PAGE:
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link to published version: Communications of the ACM, June, 1996

accesses since April 2, 1996

Hal Berghel's Digital Village....

U.S. Technology Policy in the Information Age

During the first few years of the Clinton Administration the frequency of published articles and reports on the deficiencies of the U.S. science and technology posture reached a feverish pace. Articles and opinions representing varied perspectives on the issue found homes in publications from erudite texts and monographs to the popular press. It appeared for awhile that opining about science and technology policy might become a national pastime.

In retrospect, while the dialog has been healthy, it's not clear that much has come from it, especially within the field of computing. It is an open question whether, or to what extent, such initiatives as the High Performance Computing Act, the National Information Infrastructure and the computers and network connectivity for schools programs will contribute critical advances in technology understanding that would not have occurred anyway without government involvement, perhaps at significantly less cost.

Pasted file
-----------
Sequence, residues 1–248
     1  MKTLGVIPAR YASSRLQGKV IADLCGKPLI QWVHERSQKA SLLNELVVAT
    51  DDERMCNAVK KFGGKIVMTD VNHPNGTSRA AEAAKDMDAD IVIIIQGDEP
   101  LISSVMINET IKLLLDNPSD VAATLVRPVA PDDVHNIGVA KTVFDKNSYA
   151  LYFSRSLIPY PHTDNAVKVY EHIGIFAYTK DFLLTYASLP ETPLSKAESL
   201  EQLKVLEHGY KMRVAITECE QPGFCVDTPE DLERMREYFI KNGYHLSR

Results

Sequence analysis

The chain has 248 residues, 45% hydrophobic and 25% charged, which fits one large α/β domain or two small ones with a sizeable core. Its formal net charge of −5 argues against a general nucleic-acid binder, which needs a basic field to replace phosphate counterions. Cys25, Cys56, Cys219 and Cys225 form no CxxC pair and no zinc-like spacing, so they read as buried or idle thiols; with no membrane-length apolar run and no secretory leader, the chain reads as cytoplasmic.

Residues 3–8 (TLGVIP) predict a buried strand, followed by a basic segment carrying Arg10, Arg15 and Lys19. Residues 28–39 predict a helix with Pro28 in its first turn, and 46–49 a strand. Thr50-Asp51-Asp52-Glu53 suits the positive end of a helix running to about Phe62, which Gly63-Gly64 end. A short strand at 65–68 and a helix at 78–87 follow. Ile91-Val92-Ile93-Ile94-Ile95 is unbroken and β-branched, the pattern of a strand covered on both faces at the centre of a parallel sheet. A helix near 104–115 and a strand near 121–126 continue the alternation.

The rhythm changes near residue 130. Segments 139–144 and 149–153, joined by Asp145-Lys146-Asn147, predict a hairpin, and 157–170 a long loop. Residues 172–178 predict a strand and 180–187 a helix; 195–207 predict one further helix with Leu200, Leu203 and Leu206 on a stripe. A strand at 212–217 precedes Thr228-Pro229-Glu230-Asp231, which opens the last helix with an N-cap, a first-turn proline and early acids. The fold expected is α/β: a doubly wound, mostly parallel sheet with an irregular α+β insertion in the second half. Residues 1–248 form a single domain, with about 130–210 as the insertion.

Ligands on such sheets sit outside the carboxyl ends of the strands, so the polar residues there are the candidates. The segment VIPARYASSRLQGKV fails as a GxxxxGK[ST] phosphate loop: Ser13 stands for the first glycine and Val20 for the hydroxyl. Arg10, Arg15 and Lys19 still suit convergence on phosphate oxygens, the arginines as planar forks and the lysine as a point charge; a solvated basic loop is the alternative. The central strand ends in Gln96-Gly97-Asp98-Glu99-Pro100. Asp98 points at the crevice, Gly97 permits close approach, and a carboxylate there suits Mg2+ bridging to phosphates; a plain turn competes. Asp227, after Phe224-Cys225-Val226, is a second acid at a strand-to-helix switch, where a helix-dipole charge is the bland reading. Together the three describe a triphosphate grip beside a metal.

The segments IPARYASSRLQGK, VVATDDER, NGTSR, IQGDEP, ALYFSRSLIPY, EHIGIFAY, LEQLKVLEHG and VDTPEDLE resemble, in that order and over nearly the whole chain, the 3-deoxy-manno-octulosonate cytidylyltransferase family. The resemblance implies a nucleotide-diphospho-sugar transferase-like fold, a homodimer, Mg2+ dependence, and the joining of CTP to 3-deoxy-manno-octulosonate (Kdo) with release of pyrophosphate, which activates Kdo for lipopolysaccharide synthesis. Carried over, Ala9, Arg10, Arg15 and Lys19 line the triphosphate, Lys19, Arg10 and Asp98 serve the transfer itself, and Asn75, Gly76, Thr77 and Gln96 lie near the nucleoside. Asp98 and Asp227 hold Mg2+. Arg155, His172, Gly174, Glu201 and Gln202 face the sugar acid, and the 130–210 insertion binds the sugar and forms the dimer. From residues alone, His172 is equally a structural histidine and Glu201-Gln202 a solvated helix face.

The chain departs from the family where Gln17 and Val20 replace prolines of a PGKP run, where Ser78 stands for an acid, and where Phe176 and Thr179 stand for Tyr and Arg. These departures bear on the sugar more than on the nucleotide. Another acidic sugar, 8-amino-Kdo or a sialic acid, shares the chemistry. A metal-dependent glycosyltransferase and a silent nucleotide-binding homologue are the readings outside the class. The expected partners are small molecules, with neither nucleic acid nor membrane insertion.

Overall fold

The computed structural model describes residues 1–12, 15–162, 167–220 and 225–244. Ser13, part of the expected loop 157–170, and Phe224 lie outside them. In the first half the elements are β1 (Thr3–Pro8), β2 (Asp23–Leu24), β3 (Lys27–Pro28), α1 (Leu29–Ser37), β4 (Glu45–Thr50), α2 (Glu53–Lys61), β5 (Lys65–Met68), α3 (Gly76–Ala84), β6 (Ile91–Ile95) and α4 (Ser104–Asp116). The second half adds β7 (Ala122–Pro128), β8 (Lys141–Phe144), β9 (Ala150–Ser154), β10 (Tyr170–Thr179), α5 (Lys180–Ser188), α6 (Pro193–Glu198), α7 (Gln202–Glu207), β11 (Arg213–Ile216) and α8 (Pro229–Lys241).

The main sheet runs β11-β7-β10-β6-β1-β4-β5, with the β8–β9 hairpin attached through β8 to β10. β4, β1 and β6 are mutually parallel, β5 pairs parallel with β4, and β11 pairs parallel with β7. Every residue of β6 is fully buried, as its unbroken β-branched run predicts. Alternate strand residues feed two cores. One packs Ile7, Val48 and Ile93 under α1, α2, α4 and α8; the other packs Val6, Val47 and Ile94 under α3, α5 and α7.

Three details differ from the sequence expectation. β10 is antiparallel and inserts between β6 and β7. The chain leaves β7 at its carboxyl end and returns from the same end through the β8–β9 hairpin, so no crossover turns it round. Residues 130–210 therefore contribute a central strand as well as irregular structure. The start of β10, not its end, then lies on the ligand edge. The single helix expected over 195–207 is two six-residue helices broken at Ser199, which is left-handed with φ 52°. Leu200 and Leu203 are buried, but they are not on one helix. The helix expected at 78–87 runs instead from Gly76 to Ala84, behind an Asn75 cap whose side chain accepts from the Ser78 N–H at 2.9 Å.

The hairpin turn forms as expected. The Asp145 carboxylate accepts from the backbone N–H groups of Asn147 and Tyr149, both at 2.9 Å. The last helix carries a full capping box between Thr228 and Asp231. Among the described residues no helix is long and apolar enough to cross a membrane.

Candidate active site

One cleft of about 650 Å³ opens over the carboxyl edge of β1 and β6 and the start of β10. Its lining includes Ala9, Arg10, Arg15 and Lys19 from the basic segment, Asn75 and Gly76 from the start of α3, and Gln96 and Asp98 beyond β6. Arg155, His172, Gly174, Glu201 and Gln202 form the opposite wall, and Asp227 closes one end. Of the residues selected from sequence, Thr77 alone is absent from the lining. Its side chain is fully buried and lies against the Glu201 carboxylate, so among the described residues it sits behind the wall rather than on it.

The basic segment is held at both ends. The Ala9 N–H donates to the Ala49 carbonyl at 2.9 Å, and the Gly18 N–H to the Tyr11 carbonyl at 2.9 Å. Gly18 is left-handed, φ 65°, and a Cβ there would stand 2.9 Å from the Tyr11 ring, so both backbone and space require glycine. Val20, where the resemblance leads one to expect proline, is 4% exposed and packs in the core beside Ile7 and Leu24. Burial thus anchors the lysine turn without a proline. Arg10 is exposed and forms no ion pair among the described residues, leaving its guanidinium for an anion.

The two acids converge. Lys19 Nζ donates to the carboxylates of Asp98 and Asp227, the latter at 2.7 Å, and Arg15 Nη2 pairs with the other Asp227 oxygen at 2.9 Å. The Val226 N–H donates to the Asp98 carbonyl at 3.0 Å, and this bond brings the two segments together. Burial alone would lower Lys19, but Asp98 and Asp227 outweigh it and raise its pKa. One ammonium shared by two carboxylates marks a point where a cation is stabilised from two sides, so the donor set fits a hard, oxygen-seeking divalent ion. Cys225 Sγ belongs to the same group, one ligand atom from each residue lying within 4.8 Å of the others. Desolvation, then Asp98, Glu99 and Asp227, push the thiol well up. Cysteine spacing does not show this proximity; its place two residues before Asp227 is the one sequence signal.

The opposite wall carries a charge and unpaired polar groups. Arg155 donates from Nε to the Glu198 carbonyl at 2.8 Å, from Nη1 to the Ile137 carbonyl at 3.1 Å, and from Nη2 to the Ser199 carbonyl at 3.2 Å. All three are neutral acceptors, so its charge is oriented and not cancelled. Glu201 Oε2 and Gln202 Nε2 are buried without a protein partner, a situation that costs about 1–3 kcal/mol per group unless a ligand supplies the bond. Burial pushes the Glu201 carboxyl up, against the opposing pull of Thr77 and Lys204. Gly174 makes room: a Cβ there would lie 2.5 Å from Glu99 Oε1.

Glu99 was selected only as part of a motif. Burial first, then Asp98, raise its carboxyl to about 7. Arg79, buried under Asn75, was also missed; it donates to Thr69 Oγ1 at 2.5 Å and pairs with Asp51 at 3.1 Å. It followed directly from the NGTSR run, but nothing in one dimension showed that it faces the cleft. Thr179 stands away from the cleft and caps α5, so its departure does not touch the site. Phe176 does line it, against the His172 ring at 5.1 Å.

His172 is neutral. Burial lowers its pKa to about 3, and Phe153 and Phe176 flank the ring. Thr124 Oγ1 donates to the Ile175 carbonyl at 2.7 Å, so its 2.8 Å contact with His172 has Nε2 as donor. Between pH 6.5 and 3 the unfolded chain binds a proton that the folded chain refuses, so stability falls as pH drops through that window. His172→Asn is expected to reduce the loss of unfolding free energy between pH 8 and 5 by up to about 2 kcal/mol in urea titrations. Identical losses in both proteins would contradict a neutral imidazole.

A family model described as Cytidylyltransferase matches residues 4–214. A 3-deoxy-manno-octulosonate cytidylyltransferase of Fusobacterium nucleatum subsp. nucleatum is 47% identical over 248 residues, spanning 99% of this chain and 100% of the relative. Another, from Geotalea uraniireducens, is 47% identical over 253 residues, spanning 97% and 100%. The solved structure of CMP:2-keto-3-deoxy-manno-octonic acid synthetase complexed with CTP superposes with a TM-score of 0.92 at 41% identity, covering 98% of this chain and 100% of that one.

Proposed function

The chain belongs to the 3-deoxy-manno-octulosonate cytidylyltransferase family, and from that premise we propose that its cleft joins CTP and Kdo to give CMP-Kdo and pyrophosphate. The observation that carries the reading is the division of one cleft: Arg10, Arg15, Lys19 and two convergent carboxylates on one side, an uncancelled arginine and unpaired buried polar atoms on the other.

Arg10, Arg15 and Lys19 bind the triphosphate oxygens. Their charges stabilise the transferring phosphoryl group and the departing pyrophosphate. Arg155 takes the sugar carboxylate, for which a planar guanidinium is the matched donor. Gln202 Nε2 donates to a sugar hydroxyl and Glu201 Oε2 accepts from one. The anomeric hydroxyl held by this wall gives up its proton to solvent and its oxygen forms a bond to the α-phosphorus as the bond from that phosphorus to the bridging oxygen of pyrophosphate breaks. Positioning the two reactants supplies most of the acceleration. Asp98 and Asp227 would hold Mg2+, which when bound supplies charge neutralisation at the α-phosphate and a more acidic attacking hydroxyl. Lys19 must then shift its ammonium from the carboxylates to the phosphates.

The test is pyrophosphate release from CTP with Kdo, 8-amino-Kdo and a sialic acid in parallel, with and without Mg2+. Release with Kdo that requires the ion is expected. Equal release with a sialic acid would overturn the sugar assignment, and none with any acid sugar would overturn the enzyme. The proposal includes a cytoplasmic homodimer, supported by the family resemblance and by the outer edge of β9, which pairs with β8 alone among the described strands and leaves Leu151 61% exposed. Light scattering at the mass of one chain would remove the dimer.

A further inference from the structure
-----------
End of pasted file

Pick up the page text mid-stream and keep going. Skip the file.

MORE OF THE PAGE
In fact, the promotion of a government- (vs. industry-) directed information infrastructure may well have impeded its progress. History may record that the hoopla over the "information superhighway" did little more than popularize a technology that was already highly evolved and well established within the computing industry and academia.

Is an overhaul of our technology policy likely to produce genuine, or merely cosmetic, changes? We are fearful that many of the proposed changes in technology policy ignore some fundamental realities: (a) the biggest hurdle to a successful U.S. global technology policy is the acceptance of enormous cultural differences between the institutional players, and (b) that there is ample reason to question the value of a pro-active government stance. These realities seem to mitigate against the potential effectiveness of the spectrum of technology policy proposals.